I am pleased to write this blog post for Emily Whiting. I was her first teacher in kindergarten and have become her longtime friend.
I was in my 24th year of teaching when Emily first appeared in my classroom, hiding behind the door. I vividly remember how she peeked with sparkling, wide-open eyes, wrapped tightly in her pink raincoat. Emily was silent throughout the meet-the-teacher time. However, parents were invited to bring along anything their children had done and I was impressed by the drawings and origami Emily had made at home. Instantly I knew that here was an outstanding little girl, perfectly proper and quiet.
Within a short time Emily became the narrator for our class play “The Little Red Hen.” By Spring, Emily had mastered the highly visible post of conductor for our kindergarten instrumental orchestra. How does a quiet little girl possibly walk onto a stage and perform? I was to realize later that, whenever Emily decided to embark on a project, she would not stop until every detail had been perfected.
Emily and I stayed in touch. I have watched as she blossomed in music and art. Since age 7, day after day she diligently developed her art of flute playing. I knew how many scales she had drilled when she soared in performances of Debussy’s “Syrinx” solo, or Prokofiev’s “Romeo and Juliet” suite. Such discipline has become part of her nature, and it has kept her moving forward.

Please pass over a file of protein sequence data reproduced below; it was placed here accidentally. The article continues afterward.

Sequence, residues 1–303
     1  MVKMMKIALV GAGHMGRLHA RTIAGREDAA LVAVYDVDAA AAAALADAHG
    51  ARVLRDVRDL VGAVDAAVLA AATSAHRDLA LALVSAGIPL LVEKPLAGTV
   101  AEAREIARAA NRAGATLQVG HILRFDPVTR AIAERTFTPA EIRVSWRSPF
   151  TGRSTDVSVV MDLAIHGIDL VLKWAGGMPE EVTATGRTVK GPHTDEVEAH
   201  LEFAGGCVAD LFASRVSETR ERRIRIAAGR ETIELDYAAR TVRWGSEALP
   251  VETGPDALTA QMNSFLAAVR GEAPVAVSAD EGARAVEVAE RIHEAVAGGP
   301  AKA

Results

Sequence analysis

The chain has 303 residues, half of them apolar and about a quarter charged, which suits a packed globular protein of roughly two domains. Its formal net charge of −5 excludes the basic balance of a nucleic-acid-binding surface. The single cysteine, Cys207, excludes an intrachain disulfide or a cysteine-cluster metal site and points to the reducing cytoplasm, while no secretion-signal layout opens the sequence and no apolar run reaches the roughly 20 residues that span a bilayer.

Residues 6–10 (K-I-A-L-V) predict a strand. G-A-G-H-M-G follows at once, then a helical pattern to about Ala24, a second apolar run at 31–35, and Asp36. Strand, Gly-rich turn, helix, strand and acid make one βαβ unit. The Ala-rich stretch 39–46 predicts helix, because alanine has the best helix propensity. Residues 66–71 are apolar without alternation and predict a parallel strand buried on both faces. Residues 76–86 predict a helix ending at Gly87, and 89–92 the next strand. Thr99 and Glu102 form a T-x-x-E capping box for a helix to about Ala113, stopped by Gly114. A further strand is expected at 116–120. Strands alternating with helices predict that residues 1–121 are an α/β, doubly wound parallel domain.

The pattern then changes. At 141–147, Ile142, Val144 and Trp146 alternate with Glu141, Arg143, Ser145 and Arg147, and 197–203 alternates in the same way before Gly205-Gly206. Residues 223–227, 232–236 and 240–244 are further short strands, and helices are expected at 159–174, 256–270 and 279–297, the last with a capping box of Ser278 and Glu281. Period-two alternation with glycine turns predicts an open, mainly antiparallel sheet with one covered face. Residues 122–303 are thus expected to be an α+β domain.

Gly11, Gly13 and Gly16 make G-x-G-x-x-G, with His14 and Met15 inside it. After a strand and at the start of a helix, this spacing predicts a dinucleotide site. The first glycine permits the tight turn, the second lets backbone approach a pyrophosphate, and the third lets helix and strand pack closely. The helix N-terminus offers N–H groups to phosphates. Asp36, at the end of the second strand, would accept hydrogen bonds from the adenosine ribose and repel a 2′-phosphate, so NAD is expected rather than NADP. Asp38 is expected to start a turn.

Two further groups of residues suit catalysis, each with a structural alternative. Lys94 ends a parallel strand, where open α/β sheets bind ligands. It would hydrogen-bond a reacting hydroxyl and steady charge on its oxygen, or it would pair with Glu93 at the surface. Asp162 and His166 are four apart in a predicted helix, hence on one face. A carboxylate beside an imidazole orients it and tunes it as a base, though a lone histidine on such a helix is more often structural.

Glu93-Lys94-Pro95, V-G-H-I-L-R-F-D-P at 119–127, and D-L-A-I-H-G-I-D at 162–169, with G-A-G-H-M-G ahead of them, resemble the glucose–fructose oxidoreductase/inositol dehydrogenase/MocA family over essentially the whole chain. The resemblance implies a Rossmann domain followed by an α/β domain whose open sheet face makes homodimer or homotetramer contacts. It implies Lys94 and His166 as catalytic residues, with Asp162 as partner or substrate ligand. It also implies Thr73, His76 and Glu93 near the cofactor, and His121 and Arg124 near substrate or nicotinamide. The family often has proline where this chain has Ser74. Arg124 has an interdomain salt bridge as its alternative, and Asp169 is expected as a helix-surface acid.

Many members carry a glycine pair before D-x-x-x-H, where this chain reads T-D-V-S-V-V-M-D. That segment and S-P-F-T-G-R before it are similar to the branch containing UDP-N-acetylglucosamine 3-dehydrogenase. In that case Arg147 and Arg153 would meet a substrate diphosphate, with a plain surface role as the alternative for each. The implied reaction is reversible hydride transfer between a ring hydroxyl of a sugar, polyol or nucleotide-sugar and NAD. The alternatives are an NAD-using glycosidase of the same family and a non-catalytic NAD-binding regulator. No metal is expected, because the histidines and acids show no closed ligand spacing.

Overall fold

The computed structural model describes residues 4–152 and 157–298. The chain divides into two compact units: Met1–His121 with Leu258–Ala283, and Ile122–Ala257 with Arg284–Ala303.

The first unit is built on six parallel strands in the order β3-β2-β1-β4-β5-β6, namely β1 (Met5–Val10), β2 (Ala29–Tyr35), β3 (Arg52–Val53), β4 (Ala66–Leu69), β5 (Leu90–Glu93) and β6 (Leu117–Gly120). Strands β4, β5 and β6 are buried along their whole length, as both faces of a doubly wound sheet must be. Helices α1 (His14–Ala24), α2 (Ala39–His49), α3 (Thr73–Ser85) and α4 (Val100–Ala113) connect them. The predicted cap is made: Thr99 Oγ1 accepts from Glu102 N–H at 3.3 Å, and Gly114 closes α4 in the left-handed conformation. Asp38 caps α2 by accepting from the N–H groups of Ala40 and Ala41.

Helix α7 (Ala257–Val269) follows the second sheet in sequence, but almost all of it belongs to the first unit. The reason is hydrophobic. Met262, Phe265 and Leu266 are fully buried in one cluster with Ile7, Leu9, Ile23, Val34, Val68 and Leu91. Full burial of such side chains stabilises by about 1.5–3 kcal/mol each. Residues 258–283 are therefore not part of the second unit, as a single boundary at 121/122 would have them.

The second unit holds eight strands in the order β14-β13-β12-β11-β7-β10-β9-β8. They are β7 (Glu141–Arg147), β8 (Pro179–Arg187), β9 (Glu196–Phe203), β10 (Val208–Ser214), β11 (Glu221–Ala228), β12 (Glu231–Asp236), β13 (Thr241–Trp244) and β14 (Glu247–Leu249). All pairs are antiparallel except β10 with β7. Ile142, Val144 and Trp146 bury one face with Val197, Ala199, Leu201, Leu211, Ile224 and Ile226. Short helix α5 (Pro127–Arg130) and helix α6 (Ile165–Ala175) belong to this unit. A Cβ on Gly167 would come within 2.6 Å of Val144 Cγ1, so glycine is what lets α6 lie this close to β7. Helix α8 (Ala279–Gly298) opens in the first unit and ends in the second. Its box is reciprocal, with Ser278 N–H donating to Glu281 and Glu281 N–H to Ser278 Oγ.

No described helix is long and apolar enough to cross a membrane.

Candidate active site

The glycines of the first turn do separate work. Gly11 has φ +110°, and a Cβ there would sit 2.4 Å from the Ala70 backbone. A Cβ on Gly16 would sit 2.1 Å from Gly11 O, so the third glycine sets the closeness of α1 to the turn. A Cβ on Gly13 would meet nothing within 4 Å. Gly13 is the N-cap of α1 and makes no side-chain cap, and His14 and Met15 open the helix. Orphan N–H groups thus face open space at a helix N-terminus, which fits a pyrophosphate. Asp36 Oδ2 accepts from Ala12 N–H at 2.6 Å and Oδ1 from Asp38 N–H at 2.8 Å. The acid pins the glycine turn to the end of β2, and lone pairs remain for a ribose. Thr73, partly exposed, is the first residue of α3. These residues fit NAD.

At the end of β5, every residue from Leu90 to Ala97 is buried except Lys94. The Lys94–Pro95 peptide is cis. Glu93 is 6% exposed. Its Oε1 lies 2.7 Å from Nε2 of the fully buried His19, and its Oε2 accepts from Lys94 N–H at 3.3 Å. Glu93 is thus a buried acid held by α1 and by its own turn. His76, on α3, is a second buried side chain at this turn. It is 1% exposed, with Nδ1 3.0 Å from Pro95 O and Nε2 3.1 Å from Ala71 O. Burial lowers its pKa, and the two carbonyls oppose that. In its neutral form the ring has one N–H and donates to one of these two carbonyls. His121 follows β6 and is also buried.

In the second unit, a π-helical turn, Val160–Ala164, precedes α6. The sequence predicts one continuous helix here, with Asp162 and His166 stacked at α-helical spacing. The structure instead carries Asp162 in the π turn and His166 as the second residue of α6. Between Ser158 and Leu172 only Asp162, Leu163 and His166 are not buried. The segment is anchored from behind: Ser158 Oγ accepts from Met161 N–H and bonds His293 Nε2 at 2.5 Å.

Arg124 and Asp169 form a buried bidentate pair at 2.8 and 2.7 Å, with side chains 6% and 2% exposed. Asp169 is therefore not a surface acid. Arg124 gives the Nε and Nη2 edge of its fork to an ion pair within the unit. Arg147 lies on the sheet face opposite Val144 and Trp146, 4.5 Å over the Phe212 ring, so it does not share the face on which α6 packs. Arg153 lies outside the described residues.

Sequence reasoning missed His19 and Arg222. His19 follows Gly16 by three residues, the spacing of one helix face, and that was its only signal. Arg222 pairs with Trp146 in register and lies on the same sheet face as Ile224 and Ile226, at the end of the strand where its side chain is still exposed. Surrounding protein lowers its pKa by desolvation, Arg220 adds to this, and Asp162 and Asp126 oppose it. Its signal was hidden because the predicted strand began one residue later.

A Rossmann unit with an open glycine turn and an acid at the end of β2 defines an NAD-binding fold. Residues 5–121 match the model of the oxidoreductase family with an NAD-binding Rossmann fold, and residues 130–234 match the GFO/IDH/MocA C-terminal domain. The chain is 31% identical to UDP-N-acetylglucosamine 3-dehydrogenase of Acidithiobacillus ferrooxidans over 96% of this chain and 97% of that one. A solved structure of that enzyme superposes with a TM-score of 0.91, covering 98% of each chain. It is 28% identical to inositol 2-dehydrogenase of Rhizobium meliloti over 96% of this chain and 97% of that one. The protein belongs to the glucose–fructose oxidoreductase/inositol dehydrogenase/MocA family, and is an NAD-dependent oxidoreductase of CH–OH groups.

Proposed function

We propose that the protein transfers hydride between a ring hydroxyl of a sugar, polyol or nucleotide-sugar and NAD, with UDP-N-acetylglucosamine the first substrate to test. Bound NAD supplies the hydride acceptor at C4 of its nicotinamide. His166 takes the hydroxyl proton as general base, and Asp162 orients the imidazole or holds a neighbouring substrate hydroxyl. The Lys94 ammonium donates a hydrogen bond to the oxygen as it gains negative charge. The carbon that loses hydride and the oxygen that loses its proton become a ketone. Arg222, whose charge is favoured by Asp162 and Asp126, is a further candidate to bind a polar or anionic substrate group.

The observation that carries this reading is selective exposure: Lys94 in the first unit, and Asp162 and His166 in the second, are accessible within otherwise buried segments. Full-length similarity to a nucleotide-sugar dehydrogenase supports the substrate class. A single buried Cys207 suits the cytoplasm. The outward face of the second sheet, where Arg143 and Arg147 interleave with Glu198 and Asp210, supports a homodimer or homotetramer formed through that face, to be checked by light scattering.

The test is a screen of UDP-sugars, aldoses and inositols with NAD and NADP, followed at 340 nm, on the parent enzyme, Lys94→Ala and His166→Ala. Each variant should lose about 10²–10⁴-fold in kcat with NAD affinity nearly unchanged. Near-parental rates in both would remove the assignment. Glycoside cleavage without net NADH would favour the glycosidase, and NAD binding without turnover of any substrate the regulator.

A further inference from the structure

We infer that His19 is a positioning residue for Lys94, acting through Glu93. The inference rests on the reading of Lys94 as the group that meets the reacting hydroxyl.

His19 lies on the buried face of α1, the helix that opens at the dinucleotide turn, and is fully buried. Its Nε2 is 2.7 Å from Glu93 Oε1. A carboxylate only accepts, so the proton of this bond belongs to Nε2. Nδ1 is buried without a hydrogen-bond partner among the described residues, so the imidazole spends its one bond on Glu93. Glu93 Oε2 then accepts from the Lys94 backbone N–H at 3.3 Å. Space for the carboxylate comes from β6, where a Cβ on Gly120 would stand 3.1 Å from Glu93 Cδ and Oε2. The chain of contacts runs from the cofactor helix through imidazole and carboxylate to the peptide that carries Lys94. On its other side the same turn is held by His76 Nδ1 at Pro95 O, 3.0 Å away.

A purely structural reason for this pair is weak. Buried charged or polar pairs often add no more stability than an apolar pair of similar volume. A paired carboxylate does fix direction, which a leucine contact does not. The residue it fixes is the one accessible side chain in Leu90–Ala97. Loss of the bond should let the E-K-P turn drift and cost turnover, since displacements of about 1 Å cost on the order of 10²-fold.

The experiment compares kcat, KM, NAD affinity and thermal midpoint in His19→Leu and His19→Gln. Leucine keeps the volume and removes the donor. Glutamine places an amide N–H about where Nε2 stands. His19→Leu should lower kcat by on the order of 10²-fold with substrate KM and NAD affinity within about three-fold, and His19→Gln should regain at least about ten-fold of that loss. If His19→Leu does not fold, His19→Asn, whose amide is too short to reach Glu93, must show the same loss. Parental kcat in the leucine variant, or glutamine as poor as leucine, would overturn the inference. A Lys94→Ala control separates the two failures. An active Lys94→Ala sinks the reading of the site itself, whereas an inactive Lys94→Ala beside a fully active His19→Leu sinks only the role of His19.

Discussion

At 14 Emily started to learn medieval illuminated calligraphy at our Burlington Art Gallery. Shortly after, she became the youngest member of the Hamilton Calligraphy Guild. Impressed by her work, I commissioned her to create color illuminated calligraphy bookplates for my church. The United Church of Canada had just published a new hymn book called “Voices United.”
Emily’s illuminated bookplates appeared on the front page of our 350 new volumes for our congregation. Her work was beautiful, bringing back references to medieval religious text. An unusual pursuit for a 16-year-old attending high school, but in retrospect, it combined her patient devotion
A proud Mrs. Hambly holding some of Emily’s work to detail and interests in historical art forms. She became somewhat of a resident calligrapher, later designing a matching bookplate for use on our new Bibles, and again for an official gift presentation to Kaga, a Japanese twin city with our town, Dundas, Ontario.
Time after time Emily has astounded me with interests she excels in. Is this the same quiet little girl who was so reluctant to step into my classroom?